- Sri Lankan PM Mahinda Rajapaksa resigned from his post amid protests over his govt's failed economy.
- He sent resignation to President Gotabaya Rajapaksa after violent scenes were witnessed in Colombo.
- Protesters want entire Rajapaksa family to quit politics, return 'stolen assets to country'.
Sri Lankan Prime Minister Mahinda Rajapaksa on Monday resigned from his post amid protests over his government's failed economy, reported state media. At least two Cabinet ministers have also announced their resignations. Prime Minister Mahinda, 76, sent his resignation letter to President Gotabaya Rajapaksa after violent scenes were witnessed in Colombo.
Even though earlier reports claimed that the President had requested the Prime Minister to step down, the Prime Minister refuted the reports, stating that no such request had been made and that he will not step down.
However, following several discussions among the ruling Sri Lanka Podujana Peramuna party (SLPP) and its constituents parties, the Prime Minister has decided to resign from his designation.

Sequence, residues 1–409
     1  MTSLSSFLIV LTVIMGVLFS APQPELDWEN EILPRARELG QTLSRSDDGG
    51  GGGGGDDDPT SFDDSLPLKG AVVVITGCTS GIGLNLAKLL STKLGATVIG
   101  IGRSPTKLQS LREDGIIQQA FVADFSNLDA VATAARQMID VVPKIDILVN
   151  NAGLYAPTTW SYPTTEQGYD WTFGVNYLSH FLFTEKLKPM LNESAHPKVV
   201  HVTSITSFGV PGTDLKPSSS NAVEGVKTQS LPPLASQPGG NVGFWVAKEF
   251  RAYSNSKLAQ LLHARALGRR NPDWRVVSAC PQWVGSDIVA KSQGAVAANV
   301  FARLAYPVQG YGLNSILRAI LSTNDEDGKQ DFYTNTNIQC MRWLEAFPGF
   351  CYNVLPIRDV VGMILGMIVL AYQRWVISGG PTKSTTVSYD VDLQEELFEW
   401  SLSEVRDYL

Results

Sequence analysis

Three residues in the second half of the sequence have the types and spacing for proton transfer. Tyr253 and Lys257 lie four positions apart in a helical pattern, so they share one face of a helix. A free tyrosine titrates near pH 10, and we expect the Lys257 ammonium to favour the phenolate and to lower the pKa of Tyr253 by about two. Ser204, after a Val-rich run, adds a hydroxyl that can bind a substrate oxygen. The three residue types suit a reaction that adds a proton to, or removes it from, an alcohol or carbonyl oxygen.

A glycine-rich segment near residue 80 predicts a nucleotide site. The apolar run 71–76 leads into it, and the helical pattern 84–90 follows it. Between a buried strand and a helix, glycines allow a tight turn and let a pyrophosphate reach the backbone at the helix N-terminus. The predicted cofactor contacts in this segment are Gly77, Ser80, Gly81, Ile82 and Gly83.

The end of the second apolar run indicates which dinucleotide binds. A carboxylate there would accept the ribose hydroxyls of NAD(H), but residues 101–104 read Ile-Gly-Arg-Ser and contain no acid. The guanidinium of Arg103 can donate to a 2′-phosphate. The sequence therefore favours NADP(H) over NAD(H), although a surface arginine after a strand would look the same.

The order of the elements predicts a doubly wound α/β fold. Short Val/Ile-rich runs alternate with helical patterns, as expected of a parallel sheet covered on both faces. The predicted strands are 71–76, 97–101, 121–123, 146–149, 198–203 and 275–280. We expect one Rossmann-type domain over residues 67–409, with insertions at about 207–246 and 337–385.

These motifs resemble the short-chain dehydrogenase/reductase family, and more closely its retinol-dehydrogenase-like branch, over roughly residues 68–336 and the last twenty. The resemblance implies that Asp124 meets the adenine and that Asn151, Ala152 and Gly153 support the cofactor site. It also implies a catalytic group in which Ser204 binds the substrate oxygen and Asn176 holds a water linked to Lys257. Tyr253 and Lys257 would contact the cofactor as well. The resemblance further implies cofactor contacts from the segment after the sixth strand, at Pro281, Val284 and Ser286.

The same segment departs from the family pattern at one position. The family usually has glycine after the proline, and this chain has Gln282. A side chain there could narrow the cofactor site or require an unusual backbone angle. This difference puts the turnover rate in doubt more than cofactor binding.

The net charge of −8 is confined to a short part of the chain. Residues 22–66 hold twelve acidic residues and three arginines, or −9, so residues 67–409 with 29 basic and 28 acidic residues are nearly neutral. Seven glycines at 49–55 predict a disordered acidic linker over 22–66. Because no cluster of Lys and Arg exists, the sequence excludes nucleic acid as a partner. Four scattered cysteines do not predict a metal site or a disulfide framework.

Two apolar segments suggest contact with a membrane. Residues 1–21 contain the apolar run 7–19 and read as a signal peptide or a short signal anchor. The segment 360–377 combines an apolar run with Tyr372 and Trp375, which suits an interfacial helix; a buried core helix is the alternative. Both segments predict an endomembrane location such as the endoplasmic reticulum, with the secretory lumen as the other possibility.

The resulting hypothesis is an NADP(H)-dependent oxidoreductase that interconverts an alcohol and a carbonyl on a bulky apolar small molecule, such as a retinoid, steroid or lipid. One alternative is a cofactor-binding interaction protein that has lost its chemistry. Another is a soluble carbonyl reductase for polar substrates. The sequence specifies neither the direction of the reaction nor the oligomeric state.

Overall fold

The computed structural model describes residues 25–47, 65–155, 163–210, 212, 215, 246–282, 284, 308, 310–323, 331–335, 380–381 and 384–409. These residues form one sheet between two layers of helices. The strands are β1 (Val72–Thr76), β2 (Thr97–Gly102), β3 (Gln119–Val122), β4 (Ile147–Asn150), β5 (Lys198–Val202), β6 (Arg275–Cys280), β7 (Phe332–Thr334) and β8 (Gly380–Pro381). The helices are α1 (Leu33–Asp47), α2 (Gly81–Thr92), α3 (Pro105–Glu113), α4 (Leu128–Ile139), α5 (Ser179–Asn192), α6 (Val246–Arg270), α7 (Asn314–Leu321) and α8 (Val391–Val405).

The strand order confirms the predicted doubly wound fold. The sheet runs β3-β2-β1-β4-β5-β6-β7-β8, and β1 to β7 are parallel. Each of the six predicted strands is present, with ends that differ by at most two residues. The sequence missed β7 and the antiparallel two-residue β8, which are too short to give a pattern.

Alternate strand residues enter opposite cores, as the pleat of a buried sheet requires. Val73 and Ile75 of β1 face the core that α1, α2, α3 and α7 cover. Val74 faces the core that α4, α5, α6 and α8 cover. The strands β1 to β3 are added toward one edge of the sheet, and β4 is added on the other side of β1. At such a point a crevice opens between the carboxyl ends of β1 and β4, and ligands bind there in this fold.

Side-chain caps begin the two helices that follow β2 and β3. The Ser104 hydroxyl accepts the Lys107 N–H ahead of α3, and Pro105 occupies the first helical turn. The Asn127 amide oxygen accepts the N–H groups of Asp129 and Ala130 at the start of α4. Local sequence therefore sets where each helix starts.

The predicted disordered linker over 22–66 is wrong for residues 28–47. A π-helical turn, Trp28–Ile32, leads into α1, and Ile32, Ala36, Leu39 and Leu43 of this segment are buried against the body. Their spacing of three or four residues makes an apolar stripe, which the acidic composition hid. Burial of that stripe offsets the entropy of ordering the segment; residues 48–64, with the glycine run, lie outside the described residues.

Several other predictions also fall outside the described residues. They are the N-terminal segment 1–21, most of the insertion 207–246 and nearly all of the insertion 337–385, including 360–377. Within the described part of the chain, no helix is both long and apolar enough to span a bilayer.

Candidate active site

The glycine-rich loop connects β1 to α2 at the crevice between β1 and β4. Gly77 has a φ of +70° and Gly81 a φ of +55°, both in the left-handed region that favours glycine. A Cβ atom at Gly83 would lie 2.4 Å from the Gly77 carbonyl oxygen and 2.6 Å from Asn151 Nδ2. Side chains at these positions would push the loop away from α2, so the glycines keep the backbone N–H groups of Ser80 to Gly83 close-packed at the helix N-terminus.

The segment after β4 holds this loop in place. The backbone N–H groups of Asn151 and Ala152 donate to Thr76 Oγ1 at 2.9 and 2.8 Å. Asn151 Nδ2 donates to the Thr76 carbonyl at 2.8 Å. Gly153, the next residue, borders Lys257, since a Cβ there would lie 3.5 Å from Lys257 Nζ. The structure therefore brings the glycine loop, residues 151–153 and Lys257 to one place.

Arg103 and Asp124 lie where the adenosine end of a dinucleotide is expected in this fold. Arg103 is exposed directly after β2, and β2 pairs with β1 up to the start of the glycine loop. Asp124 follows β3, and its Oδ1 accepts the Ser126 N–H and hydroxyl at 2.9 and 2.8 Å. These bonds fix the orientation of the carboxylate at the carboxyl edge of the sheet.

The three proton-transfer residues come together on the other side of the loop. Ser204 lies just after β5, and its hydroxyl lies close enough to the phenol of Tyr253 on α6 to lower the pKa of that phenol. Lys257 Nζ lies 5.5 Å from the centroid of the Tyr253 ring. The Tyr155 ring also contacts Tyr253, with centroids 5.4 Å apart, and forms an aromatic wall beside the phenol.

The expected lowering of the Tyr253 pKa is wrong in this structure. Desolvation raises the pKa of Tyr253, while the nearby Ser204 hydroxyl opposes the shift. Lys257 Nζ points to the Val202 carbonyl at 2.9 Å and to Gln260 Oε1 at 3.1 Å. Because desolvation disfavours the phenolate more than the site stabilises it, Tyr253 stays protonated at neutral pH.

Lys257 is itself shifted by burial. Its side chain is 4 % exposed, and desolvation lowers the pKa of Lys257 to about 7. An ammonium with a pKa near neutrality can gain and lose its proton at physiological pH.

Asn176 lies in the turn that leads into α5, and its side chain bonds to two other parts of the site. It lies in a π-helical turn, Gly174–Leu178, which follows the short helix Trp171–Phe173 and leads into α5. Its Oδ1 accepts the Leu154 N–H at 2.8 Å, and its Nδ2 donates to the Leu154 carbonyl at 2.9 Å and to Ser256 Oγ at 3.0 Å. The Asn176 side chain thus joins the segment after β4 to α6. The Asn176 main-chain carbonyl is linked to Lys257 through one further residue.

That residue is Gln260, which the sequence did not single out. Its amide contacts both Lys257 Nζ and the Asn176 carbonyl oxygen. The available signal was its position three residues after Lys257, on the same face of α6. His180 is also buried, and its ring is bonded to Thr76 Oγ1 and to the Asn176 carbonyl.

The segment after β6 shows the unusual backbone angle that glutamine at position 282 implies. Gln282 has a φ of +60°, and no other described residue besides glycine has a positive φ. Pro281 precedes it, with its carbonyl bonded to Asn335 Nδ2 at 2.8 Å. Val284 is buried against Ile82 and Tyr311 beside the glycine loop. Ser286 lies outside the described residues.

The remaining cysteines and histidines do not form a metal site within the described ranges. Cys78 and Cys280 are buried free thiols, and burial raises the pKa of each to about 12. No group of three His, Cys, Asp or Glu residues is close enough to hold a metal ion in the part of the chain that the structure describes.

Mahinda Rajapaksa, the Rajapaksa clan strongman, faced public wrath on Sunday in the sacred city of Anuradhapura. He was hooted and catcalled by the angry public who are on the streets demanding fuel, cooking gas and an end to power cuts.
A curfew has been imposed in entire Sri Lanka with immediate effect after clashes outside President Gotabaya Rajapaksa's office left 23 wounded, said officials. Pro-government groups had attacked protestors outside the President's office, leading to the curfew.
In the violence, a ruling party MP had also died, reported news agency AFP. A military contingent was deployed to the protest site to assist law enforcement after clashes between pro-government and protestors at MynaGoGama and GotaGoGama protest sites left 78 people injured.
Sri Lanka economic crisis
Sri Lanka is currently in the throes of unprecedented economic turmoil since its independence from Britain in 1948. The crisis is caused in part by a lack of foreign currency, which has meant that the country cannot afford to pay for imports of staple foods and fuel, leading to acute shortages and very high prices.
Thousands of demonstrators have hit the streets across Sri Lanka since April 9 seeking resignation of President Gotabaya and Prime Minister Mahinda, as the government ran out of money for vital imports; prices of essential commodities have skyrocketed and there are acute shortages in fuel, medicines and electricity supply.